BUENOS AIRES —
Thousands of Argentines demonstrated in the center of Buenos Aires on Wednesday in support of outgoing President Cristina Fernandez and her leftist policies, underscoring the resistance her conservative successor will face to his plans for change.
Fernandez, a fiery and divisive leader, has made it clear she would not make Thursday's handover to president-elect Mauricio Macri easy, even arguing over where the swearing-in ceremony should take place.
Government officials said she has decided to skip it altogether, whether it takes place in La Casa Rosada presidential palace as requested by Macri or in Congress, which is preferred by Fernandez. Her Front for Victory party holds the most seats in the legislature.
Macri's victory in a run-off last month turned Argentine politics on its head, ending 12 years of leftist populism under Fernandez and her late husband and predecessor, Nestor Kirchner.
Macri promises to remove state controls on the ailing economy and conduct more orthodox policies.
Government supporters hold a banner that reads in Spanish "See you soon colleague" featuring an image of President Cristina Fernandez in Buenos Aires, Argentina, on Dec. 9, 2015.
Challenges ahead for Macri
Sea of Kirchneristas, as followers of Nestor and Cristina are known, carried colorful banners to the mass gathering at Plaza de Mayo, in front of La Casa Rosada.
One person held aloft a heart-shaped cardboard cutout saying: "Thank you for 12 years of equality, egalitarianism, inclusion and sovereignty."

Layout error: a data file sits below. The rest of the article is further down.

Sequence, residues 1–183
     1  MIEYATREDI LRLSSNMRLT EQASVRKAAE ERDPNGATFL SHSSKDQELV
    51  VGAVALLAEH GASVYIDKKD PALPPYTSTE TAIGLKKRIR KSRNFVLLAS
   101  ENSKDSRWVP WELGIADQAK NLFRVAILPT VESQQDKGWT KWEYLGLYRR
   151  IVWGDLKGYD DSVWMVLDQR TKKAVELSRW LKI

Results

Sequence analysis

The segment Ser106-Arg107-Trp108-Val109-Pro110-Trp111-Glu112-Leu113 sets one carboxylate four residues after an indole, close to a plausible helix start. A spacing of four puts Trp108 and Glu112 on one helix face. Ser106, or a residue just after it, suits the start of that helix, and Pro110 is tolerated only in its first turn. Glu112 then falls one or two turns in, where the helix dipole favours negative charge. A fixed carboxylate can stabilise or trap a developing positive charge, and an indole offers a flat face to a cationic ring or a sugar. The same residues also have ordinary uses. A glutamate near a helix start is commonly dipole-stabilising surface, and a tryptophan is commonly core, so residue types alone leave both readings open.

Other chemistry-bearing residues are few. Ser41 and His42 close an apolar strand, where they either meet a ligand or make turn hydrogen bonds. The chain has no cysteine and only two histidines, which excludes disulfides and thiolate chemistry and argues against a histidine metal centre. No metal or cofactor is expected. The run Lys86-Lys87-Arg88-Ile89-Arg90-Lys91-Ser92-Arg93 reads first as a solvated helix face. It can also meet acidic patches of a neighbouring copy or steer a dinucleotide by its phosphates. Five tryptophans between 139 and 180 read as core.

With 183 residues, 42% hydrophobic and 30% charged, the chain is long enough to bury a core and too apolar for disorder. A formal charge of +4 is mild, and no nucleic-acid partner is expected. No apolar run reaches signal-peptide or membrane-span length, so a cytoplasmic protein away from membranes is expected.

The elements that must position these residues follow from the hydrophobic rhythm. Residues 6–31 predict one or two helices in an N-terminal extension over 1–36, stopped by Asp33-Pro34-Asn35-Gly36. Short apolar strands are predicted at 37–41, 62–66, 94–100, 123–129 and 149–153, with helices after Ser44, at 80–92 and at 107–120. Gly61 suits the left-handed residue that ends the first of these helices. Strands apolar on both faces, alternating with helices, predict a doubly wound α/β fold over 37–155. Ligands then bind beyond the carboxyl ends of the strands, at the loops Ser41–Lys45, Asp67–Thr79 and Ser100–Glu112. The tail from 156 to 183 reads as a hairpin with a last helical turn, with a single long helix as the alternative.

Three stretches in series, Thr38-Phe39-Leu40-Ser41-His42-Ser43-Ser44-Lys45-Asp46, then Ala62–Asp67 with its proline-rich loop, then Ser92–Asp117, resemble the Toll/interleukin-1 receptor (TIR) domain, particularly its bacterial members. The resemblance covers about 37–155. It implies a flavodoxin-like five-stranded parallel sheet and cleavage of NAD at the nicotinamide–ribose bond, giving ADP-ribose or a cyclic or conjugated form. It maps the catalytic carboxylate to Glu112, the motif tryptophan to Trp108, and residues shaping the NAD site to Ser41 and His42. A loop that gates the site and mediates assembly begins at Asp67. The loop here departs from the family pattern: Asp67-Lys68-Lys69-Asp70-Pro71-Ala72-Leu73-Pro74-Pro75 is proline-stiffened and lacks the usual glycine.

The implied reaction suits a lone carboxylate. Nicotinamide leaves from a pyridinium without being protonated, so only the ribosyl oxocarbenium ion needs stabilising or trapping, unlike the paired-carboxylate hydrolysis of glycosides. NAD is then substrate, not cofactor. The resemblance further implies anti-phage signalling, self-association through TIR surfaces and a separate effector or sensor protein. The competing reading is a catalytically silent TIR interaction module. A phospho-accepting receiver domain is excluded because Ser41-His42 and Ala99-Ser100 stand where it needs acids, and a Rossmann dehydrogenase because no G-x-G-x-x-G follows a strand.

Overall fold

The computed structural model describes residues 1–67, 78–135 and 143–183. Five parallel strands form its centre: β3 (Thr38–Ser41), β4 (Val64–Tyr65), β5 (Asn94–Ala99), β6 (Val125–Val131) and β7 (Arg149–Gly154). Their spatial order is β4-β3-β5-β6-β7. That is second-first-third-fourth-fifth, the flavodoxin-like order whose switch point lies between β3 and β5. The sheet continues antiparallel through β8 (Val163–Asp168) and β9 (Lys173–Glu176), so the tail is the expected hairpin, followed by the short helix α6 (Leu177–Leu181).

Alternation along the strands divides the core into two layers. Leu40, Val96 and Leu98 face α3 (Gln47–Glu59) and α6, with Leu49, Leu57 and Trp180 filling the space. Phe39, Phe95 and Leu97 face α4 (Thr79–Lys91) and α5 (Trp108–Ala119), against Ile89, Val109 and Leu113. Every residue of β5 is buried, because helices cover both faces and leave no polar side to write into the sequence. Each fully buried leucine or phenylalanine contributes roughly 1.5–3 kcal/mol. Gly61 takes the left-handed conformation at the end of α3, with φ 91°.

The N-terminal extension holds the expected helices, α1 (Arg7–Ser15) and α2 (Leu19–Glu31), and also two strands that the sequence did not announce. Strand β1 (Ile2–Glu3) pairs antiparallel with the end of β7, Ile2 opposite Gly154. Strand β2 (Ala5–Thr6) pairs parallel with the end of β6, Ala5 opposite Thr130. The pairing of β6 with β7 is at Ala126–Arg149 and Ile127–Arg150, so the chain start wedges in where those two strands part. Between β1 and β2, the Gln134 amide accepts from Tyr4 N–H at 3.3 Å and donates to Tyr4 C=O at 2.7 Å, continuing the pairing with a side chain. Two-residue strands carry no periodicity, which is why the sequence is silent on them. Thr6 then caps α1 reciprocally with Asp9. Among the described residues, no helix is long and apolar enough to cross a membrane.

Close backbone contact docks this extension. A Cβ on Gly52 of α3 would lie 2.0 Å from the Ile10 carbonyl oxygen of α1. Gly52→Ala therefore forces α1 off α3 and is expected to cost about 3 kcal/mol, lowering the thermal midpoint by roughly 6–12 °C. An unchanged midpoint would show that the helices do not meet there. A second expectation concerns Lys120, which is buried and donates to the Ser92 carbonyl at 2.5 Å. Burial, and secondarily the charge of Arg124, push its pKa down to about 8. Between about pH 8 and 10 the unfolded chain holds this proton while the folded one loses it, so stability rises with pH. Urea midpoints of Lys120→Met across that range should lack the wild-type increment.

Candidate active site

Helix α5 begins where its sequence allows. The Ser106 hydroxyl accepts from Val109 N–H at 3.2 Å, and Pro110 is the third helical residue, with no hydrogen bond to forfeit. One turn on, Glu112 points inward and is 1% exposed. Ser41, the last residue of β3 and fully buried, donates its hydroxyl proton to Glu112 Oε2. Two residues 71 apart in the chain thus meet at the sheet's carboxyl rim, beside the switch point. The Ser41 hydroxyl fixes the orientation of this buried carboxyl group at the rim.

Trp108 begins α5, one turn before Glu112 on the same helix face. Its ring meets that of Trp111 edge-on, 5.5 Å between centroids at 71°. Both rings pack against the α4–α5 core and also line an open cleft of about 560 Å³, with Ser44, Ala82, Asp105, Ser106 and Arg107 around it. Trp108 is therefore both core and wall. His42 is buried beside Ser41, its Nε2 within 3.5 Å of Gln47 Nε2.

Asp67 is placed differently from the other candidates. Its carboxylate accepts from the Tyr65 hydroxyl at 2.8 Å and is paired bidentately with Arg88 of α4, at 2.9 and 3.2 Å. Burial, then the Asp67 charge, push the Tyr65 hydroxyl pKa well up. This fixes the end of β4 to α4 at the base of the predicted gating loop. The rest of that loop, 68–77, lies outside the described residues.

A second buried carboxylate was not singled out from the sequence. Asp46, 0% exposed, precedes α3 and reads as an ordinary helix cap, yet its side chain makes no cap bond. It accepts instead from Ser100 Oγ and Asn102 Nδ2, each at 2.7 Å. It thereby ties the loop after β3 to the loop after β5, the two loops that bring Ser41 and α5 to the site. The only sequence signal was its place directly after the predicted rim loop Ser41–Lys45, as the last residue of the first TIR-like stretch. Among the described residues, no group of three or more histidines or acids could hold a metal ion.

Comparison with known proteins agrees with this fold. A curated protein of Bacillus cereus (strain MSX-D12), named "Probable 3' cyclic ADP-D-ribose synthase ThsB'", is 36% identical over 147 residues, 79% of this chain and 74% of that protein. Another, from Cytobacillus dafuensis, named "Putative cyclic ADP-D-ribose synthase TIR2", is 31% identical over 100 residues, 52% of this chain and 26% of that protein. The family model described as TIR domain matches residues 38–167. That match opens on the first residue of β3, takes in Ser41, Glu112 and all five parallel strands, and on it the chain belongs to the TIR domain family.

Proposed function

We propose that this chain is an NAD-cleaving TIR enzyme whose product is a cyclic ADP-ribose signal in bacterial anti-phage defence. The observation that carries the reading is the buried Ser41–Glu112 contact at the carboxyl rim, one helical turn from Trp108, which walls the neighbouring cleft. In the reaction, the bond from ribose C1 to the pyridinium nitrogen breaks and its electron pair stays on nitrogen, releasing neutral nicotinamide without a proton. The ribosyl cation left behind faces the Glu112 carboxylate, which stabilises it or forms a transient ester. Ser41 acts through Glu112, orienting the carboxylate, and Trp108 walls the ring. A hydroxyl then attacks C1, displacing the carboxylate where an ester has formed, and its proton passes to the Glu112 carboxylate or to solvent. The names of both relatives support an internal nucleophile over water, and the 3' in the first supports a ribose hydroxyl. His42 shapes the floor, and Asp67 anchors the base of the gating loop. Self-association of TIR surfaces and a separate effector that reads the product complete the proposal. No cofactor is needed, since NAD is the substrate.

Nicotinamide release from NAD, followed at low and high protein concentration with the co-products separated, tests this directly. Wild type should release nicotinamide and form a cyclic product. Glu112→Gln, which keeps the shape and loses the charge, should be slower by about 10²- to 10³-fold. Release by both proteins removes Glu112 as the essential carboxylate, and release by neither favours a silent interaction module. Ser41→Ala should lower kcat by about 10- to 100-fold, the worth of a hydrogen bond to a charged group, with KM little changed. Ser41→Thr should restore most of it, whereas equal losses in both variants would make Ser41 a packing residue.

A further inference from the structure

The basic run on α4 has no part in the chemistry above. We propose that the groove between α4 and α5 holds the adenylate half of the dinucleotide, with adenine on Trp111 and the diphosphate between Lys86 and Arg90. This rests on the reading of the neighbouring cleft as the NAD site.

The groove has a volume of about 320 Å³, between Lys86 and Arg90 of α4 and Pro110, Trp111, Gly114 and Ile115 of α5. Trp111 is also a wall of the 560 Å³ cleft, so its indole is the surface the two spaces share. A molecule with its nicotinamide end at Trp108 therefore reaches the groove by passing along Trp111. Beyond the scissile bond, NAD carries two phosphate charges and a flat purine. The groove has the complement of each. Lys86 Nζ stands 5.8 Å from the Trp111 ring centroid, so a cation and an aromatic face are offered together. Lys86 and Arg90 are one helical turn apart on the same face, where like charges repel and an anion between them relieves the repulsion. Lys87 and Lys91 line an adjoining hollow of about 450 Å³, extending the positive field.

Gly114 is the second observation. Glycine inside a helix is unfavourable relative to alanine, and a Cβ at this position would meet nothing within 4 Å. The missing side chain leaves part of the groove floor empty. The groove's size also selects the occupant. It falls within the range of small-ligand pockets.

Martin Sosa, an 18-year-old student, got there in time to claim a prime spot at the demonstration.
"I am grateful to this government because it gave us back our dignity by helping the poor and including us in politics. It gave us work, opened factories, improved access to public education and health care," Sosa said.
"Before, we couldn't dream of studying at university. Now we can," he added. "I am worried Macri will undo all that."
Macri would struggle to reel in unsustainable state spending without bringing Argentines onto the streets, analysts said. He would be only the third non-Peronist leader since the end of a military dictatorship in 1983.
The other two were unable to finish their terms, highlighting how tricky it can be to bring about change without the backing of Peronism, the political movement that has dominated Argentine politics for 70 years.
That said, change is inevitable, according to private economists. Foreign reserves in Latin America's third-largest economy are running precariously low, capital controls have stunted investment and inflation is around 25 percent.